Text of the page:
Training a Shiba Inu to Stay Behind a Line to Help Him See His Human as a Leader

By: David Codr

Published Date: January 28, 2020

For this Los Angeles dog training session we teach 8 year-old Shiba Inu Max to stay behind an invisible line to help him see his human acting like a leader.

Knowing that Max was sometimes wary of strangers, I arranged to meet him outside and used a few Dog Behaviorist tricks to set him up for success. The greeting went well with no dog nipping so we took a short walk to seal the deal.

When I sat down with his guardian I learned that he didnt have any rules and was able to tell her what to do. For many dogs this confuses them into thinking they have the same rank or status as their humans or that the dog is in charge. This can lead to a dog not thinking it needs to listen to the human as it doesn’t see or respect her as a leader.

Dogs associate using energy, like getting up to correct or enforce a rule, as leadership tasks. If you have a determined breed like a Shiba Inu, you need rules more than other types of dogs.

I shared a number of tips and suggested some rules for the guardian to put in place. One of them will be very challenging for her, but I hopefully communicated until he dog is confident in her leadership, listening will continue to be spotty. Its important to remember, these rules don’t have to be in place forever. In some cases, that happens, but the key is for the dog to see the human acting like a leader by controlling the situation. This gives the dog confidence which can lower stress and anxiety, two things that will be of the upmost importance in Max’s case.

Another benefit of enforcing rules is the dog gets to practice self control. Dogs need to practice everything they do. So asking a dog to stay off the furniture or behind an invisible line is a wonderful way to help them practice restraint and develop a healthy leader follower dynamic.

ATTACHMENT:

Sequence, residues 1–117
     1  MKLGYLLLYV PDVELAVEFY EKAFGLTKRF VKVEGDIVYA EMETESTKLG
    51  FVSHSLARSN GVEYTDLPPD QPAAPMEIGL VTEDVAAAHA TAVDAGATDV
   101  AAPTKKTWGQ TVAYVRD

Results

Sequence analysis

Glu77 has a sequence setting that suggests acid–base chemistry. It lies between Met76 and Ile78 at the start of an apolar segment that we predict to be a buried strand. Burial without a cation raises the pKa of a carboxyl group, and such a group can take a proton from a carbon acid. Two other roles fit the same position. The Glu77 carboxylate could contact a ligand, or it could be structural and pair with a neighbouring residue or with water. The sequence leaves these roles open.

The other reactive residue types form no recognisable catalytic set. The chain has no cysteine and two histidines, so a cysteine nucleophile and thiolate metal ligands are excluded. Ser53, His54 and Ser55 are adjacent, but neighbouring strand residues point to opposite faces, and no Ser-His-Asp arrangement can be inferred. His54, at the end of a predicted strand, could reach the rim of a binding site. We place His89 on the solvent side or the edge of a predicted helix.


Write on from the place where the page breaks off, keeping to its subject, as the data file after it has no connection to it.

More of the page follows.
I demonstrated to the human how to train a dog to stay behind an invisible line. Max got it right away so I pulled out my phone and filmed the guardian teaching the dog to stay out of the kitchen using body language and movement.

Although its hard for some people to see how enforcing a rule like no furniture or to stay outside of the kitchen can help stop a dog from nipping someone to disagree, it does. In fact, this is a very established method of canine behavior modification for that kind of dog behavior problem.

I know it will be hard for the guardian to enforce some of these rules, but Max will be more relaxed, live longer and feel less like nipping people if she does. You don’t have to be a professional Shiba Inu dog trainer to do this, it just takes time and determination

To help the guardian remember all the dog behavior tips we covered in this in home LA dog training session, we filmed a roadmap to success video.

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This post was written by: David Codr

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